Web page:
Significance of Fieldwork and Location
While abroad, this Learning Cluster will study the architectural history of Buenos Aires, as well as construct a true realization of sustainable architecture. As sustainable architecture is still in its infancy, contributing to a fully self-sustaining housing project is a rare opportunity that can influence the current perception and future of sustainable eco-housing. The structure that we will leave in Argentina will be a unique and significant step towards a more sustainable world. It will advertise itself to the local community, but we plan to spread additional awareness through an instructional documentary. While much of our studies are for the course members, this endeavor is about proving that “off the grid” living is not only possible, but cost effective and feasible. We hope to inspire and instigate future architectural experimentation and innovation.
     Buenos Aires is the heart and spirit of Argentina, and the focus of this LC. Touring the city and buildings in Argentina is vital in this critical study to decipher the distinct differences between communities within the city. Understanding Urban Development in Buenos Aires, Argentina plays a large role in understanding how sustainable housing can be successful in nearby communities.
     This LC also seeks to analyze the architectural and aesthetic styles of housing in the city, in collaboration with a local non-profit institution called Techo.Like this LC, Techo advocates the importance of strengthening urban development on social policies in impoverished areas. More pertinent to this course, Techo builds an environment where sustainable communities exist in order to improve the quality of life for those who are struggling to survive in Buenos Aires and its surrounding neighborhoods. By gaining a deeper understanding of the area as the students travel to contrasting locations, they will be able to engage with the community members and discuss how they can help impact the community on the social and cultural facet of this study. What is really at risk here is that the public in Argentina lacks awareness about sustainable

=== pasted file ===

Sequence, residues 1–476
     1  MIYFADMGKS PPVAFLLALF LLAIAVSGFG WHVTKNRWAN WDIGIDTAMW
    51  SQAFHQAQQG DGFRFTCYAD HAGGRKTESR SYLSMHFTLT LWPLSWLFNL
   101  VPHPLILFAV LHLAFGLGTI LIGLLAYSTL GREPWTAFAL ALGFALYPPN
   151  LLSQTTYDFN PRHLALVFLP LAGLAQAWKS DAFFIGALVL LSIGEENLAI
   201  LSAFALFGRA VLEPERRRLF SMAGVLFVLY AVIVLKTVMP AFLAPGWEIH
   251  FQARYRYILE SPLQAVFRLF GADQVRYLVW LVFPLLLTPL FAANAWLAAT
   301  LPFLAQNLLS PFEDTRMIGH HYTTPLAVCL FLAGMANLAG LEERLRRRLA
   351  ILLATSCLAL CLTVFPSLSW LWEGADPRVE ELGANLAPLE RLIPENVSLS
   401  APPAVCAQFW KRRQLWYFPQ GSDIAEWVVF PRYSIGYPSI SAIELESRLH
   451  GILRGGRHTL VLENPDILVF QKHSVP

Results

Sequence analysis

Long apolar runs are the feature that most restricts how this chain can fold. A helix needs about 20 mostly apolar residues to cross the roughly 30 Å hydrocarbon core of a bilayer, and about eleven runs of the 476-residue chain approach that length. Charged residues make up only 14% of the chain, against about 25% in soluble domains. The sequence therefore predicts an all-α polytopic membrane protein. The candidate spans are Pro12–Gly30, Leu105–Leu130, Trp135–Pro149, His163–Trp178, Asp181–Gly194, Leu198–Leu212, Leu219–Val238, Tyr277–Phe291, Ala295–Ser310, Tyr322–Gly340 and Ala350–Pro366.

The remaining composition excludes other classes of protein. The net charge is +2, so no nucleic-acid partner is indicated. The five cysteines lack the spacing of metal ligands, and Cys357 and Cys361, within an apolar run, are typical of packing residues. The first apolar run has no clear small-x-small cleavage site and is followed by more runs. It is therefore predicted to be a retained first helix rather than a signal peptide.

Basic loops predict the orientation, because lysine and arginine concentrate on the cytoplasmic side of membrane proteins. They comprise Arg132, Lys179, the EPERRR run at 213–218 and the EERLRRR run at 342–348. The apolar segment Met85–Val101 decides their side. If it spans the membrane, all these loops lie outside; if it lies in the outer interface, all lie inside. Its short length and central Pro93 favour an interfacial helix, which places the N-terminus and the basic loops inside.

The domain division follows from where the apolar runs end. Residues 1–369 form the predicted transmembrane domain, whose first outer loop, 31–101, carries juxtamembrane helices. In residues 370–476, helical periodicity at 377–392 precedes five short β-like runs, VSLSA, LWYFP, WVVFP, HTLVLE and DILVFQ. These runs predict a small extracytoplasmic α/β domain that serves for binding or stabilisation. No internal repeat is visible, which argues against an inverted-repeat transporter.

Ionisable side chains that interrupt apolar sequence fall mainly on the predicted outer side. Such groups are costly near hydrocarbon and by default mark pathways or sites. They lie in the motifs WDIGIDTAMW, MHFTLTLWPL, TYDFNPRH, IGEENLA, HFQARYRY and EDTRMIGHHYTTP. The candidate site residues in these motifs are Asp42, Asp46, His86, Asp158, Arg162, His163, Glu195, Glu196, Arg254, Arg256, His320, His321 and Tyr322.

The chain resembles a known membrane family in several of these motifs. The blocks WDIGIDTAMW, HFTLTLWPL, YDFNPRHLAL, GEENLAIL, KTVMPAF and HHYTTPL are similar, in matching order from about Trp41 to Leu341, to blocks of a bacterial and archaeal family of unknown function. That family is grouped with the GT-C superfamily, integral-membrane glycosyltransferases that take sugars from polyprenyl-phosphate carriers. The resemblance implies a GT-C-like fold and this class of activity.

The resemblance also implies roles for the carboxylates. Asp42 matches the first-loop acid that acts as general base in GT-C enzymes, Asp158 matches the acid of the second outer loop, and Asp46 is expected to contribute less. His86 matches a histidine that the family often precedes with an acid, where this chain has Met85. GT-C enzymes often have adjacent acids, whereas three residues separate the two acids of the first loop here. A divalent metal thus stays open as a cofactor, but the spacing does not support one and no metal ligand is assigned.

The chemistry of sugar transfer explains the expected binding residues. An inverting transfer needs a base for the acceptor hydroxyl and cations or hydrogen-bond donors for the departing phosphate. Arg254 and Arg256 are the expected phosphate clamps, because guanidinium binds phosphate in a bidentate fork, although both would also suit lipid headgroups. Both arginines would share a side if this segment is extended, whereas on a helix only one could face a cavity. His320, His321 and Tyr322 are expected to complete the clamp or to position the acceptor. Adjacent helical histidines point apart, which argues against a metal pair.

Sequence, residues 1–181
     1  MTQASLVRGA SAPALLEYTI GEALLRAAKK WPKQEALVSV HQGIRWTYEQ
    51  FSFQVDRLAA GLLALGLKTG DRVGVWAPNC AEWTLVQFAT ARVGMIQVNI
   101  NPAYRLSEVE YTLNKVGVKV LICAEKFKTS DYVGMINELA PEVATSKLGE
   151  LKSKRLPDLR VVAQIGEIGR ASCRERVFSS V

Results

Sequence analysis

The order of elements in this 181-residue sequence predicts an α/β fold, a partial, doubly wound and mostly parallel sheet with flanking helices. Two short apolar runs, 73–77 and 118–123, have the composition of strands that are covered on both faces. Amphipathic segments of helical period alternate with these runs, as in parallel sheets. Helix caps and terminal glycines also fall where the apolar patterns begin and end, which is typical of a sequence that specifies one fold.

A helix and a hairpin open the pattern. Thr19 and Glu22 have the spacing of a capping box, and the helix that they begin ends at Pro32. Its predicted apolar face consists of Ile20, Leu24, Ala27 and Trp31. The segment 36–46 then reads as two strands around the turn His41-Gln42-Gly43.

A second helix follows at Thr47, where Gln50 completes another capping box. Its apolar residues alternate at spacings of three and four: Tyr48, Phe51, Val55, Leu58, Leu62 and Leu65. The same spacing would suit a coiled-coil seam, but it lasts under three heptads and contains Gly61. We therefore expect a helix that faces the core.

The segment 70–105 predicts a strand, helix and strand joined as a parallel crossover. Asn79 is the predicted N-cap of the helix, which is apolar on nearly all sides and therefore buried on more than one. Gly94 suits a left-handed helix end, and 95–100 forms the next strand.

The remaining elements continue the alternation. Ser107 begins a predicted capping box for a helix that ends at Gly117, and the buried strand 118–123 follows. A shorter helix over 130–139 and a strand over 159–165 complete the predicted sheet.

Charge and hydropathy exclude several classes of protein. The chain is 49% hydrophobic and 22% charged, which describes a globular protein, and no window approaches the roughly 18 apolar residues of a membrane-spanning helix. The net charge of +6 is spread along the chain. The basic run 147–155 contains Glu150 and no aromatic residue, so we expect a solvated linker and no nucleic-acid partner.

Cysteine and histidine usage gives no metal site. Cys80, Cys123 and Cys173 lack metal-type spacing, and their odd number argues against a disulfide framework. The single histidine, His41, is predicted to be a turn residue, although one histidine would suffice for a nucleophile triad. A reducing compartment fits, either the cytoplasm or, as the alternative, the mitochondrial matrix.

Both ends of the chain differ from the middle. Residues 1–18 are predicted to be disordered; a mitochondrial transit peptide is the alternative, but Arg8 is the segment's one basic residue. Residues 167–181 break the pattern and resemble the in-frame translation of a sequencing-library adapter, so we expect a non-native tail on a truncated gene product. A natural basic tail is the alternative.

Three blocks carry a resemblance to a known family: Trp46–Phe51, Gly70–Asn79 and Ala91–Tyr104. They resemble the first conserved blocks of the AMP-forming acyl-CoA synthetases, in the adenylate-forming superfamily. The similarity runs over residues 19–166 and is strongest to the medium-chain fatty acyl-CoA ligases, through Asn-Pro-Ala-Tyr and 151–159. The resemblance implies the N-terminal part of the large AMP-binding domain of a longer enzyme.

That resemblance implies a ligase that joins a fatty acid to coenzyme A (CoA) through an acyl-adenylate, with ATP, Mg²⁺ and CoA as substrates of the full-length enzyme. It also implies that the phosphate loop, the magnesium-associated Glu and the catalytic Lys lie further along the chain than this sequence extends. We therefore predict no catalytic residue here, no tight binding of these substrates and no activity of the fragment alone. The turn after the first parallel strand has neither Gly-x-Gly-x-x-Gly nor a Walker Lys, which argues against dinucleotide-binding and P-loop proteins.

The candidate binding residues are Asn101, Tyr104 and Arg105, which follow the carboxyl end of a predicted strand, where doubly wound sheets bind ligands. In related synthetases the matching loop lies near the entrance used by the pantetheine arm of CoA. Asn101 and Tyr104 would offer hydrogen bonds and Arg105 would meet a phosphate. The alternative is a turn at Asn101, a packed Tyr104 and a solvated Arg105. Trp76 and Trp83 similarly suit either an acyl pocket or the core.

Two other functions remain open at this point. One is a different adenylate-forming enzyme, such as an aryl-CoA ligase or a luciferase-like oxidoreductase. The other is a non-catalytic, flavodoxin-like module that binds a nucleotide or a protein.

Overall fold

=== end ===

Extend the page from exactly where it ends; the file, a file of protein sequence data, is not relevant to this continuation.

housing. This course will help them see that this is a cost-effective manner of living that is easily accessible. This study and project could truly educate and inspire Argentines to take action and improve their own quality of living.
The opportunity given to the students to travel to Argentina will profoundly affect the way in which these students comprehend the rapidly growing slums at a time in which an unstable and unforgiving economy exists for all. They are found in rural areas and as well as in populous cities such as in Buenos Aires. According to July 2004 estimates, there are about 640 precarious neighborhoods in suburban Buenos Aires, comprising of 690,000 residents and 111,000 households. The population of villas miseria in the city of Buenos Aires property doubled during the 1990s, reaching about 120,000 as of 2005, which is continuously growing today. These statistics show how important it is to study the reasons behind not only how both slums, such as “neighborhoods of misery” and cities are built and where they are located, but also of laying the foundation for the causes and reasons for why they exist. 
Assignments
Students will have hands-on experience in the design and construction of a low-impact natural building that requires little training in construction. Grade breakdown is the following: Participation on the field: 60%, Blog submissions 20%, Learning Cluster Fair participation: 20% Students will form teams according to their interests and write blog entries describing their responsibilities and accomplishments. For that purpose a website has been created:
Teams will be coordinated by Professor Crowder-Taraborrelli:
* a design team ( which will draw plans for the structure of the building)
*  a budget team (which will calculate costs for purchasing equipment and materials)
*an environmental and services team (which will asses the resources available in the area, design and install electricity and water access)
* a building team (which will coordinate the field work)